Phew ! Done. Where to begin?

Overall, the novel was a delicious journey into the desperate, the ego-centric, and the corrupt.

I loved the seeming "Rondo" form of the novel—at first "spinning out" then to "close back in" in the latter part of the book.

Mrs. Hurtle MUST be a unique creation. That was simply wonderful to see a separated American woman in Victorian England on her own; yet, Trollope draws her with sympathy.

With so many mirrors, foils, and parallels created with a number of characters, a
...more
Margaret
This is one of his best, but atypical in many ways. The love story takes a back seat (and often feels tacked on, actually) to the satirical look at high society and high finance. The characters on the whole are less sympathetic than Trollope's usual, though I adore Lady Carbury, tigerish mother and would-be author, almost in spite of myself; there's a particularly scrumptious bit where Trollope describes her extremely methodical way of writing a novel, in which he's clearly poking a bit of fun a ...more
Melanie
Nov 15, 2008 rated it really liked it  ·  review of another edition
Shelves: victorian
An incredibly long yet remarkably engaging look at the disastrous result of a credit economy gone corrupt with some marriage plots thrown in for good measure (what, after all, is a Victorian novel without a marriage plot?).
Nente
Make no mistake, this is entertainment reading, not serious literature. And, for someone who's read all the chronicles of Barsetshire and a couple of other Trollopes, there is nothing really new here. There are all the familiar elements:
the hunted heiress who finally turns out to have a mind and will of her own;
the proud but impoverished ladies who on the verge of spinsterhood are obliged to lower their sights, and repent whatever decisions they make;
the spendthrift young men, gambling, drink
...more
John Frankham
Sep 04, 2017 rated it it was amazing  ·  review of another edition
Shelves: fiction-pre-1900
A superb novel.

This review (with spoilers omitted) is by the novelist Amanda Craig:

"................... I adore Trollope, and re-read him regularly. I owe to him, more than any author, my moral education, my understanding of how British society still works, and my determination to write novels that are, as far as I can make them, also about the way we, too, live now.

Trollope's genius came upon me not as a thunderclap but as a slowly evolving, wholly delightful friendship. By the time I read TWWL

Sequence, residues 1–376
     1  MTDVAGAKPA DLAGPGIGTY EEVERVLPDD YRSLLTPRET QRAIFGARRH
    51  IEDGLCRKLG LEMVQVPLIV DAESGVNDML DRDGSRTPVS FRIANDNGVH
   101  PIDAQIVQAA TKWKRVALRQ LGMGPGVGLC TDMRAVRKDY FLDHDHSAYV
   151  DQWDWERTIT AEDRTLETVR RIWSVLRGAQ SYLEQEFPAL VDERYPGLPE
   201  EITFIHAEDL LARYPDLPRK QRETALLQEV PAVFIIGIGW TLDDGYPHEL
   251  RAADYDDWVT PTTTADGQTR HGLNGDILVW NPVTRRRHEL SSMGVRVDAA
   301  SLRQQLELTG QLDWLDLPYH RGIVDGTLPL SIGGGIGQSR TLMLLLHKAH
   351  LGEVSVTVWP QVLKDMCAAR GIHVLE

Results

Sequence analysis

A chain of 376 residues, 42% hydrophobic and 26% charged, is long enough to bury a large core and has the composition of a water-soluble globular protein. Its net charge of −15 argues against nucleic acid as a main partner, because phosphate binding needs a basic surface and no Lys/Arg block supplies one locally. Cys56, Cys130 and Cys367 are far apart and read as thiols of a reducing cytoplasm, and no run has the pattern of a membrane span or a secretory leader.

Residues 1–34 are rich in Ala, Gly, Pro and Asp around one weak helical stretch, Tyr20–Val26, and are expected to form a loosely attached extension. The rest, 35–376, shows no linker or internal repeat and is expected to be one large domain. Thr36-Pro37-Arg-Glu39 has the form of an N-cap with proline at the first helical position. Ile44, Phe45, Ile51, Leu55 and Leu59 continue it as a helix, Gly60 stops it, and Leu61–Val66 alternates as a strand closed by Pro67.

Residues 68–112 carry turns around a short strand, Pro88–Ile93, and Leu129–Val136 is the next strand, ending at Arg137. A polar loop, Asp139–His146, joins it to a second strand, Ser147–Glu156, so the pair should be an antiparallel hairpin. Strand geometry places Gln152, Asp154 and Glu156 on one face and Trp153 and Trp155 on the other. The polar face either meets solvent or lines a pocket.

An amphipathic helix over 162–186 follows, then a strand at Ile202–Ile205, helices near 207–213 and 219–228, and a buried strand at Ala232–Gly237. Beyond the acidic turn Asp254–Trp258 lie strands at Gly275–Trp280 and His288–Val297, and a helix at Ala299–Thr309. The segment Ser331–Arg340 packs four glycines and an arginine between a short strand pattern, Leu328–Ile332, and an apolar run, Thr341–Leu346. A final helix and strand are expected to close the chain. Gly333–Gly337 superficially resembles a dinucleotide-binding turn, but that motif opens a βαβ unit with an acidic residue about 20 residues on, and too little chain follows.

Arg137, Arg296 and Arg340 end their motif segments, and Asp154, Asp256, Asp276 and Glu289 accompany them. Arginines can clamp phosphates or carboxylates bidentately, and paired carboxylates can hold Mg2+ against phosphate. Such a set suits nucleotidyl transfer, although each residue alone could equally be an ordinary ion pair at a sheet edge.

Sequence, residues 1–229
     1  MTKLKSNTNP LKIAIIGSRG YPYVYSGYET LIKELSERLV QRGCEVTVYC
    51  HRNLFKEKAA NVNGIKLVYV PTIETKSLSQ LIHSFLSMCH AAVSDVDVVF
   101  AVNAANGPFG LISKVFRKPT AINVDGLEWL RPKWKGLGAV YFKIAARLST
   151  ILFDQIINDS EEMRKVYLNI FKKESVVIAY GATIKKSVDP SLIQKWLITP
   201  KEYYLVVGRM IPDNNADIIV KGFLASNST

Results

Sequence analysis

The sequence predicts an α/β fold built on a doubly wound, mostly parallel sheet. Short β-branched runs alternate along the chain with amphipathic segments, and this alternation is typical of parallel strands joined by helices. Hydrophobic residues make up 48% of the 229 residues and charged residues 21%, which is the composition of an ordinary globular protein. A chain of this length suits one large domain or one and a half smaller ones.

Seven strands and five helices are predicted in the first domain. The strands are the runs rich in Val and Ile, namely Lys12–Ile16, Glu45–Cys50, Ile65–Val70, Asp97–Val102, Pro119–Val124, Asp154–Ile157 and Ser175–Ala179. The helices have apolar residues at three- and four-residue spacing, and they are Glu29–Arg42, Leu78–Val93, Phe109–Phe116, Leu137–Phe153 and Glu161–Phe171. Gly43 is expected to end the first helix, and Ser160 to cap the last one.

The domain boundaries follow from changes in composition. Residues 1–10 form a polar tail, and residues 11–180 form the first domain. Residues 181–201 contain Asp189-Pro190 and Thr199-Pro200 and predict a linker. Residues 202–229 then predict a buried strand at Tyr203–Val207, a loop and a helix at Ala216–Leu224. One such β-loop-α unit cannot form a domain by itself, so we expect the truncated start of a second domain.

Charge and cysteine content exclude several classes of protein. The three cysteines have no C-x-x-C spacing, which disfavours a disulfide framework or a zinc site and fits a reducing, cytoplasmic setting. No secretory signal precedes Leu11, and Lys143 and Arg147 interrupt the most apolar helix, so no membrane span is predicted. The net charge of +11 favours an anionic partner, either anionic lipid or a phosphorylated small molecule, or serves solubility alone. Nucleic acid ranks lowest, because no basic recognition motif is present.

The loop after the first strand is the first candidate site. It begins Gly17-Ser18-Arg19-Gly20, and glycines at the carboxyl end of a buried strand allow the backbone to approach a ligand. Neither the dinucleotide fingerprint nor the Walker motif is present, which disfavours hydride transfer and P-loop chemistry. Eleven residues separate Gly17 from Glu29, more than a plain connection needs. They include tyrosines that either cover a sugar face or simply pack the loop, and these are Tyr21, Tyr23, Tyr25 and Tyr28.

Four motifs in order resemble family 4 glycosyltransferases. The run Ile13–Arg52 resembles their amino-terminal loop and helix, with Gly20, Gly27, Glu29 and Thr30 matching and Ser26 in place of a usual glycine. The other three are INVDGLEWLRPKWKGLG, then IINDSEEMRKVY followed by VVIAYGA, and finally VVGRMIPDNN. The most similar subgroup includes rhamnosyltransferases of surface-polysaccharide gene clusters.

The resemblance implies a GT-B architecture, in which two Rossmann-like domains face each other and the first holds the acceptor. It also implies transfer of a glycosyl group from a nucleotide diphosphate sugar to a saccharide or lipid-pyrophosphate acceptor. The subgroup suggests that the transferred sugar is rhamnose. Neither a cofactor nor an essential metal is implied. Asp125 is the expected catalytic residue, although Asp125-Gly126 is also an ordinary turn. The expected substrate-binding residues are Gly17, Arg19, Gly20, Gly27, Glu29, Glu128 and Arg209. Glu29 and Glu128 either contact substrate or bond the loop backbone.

...more
Marialyce
Actually I am rating this a 4.5 essentially because I was disappointed in the ending. This book by Anthony Trollope really packed quite a telling of the ills of Victorian society. The characters he presented with all their foibles and issues were fascinating. Trollope really made such a fine commentary on the Victorian age with this novel. The sole purpose of society was to have money, to marry money, and essentially to not work at all.

Fascinating in its detail we meet a bevy of characters. Sir
...more
Sera
Sep 02, 2014 rated it it was amazing  ·  review of another edition
Recommended to Sera by: Bookish
This book is my first read of a Trollope novel, and it captured me on many different levels, which led to Trollope catapulting to the top of my Victorian author list.

Like Hardy, I see Trollope as a cool Victorian writer. Cool because he lets his woman kick ass, and he is not afraid to show the ugly underside of a Victorian culture that on the surface appears to be governed by propriety and the use of good manners. People are greedy in Trollope's world. They seek money, lots of money, without hav
...more
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Anthony Trollope became one of the most successful, prolific and respected English novelists of the Victorian era. Some of Trollope's best-loved works, known as the Chronicles of Barsetshire, revolve around the imaginary county of Barsetshire; he also wrote penetrating novels on political, social, and gender issues and conflicts of his day.

Trollope has always been a popular novelist. Noted fans ha
...more
More about Anthony Trollope...
“Love is like any other luxury. You have no right to it unless you can afford it.” 39 likes
“There was but one thing for him;- to persevere till he got her, or till he had finally lost her. And should the latter be his fate, as he began to fear that it would be, then, he would live, but live only, like a crippled man.” 16 likes